An edition of: WaterAtlas.orgPresented By: Orange County, USF Water Institute

Water-Related News

Orlando’s secret life of sewers: What workers hope you never know

It turns out that what’s flushed from much of north Orlando takes a 35-mile trip through a colossal system that has been under construction for most of a century. The wastewater disperses nearly 33 days later as highly treated effluent into marsh, through the legs of wood storks and roseate spoonbills and then to an expanse of cordgrass and sable palms of the St. Johns River.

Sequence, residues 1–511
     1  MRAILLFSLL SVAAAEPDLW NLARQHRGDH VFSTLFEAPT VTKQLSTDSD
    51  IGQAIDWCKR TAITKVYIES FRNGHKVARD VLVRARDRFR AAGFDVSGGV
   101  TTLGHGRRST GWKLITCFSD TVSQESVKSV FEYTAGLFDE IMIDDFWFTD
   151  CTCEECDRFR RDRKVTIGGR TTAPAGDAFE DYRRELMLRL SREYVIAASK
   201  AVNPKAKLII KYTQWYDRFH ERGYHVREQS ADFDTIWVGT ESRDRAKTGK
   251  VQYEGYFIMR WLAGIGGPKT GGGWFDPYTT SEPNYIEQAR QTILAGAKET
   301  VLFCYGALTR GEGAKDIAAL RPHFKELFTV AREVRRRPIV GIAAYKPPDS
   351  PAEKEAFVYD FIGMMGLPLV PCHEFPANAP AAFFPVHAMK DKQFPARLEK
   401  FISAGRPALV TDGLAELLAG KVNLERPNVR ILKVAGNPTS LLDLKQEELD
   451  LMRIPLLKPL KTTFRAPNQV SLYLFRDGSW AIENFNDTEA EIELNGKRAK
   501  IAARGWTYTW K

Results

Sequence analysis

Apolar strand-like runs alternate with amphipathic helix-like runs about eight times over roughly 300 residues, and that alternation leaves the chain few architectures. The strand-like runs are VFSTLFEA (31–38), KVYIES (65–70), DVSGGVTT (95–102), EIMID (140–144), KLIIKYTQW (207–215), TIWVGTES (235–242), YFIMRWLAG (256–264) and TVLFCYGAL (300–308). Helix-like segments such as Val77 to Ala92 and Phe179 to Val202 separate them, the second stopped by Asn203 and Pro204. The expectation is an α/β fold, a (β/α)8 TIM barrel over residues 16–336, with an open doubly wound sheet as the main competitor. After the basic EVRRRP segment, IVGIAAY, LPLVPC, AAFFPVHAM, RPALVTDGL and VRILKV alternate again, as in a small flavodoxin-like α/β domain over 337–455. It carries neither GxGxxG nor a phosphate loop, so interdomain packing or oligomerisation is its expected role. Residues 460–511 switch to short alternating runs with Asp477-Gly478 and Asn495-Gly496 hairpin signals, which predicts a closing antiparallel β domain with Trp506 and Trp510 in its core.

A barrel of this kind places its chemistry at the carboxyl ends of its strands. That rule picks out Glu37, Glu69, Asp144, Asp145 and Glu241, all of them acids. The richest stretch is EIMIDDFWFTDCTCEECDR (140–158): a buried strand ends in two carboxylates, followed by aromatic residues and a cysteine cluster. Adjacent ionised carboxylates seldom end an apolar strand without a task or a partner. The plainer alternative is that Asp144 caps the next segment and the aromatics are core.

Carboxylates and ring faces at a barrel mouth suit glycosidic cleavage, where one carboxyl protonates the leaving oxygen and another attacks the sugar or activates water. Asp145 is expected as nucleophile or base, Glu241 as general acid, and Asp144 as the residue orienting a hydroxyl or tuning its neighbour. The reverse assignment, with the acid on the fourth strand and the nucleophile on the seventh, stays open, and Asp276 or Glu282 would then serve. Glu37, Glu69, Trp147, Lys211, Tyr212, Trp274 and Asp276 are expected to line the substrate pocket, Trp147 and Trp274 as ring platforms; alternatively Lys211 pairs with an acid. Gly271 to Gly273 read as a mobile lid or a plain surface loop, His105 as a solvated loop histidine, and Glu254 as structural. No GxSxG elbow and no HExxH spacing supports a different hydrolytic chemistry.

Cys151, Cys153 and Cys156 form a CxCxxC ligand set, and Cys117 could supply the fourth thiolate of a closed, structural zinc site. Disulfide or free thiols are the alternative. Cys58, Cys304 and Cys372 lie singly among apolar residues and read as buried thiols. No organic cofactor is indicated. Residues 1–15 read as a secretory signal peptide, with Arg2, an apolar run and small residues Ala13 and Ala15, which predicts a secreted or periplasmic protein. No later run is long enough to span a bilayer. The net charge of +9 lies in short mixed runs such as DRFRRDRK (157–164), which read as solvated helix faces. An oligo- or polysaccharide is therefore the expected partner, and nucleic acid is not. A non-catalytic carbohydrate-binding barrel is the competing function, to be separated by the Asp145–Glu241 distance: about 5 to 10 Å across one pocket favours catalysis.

This year, Fort Lauderdale was shamed officially for letting its sewer perform as a sieve; the governor cracked down on “bad actors” by boosting fines for spills; a watchdog called out Orange County’s wastewater system as a flagrant offender; and Orlando sounded an alert for a smelly incident at its premier cultural park.

Florida has hundreds of private and public sewers. They are vital for protecting human health. They can be an asset or a villain in the struggle to heal sickly rivers and coastal waters. Sewage challenges will amplify with population growth and as rising sea levels drown sewers of coastal cities.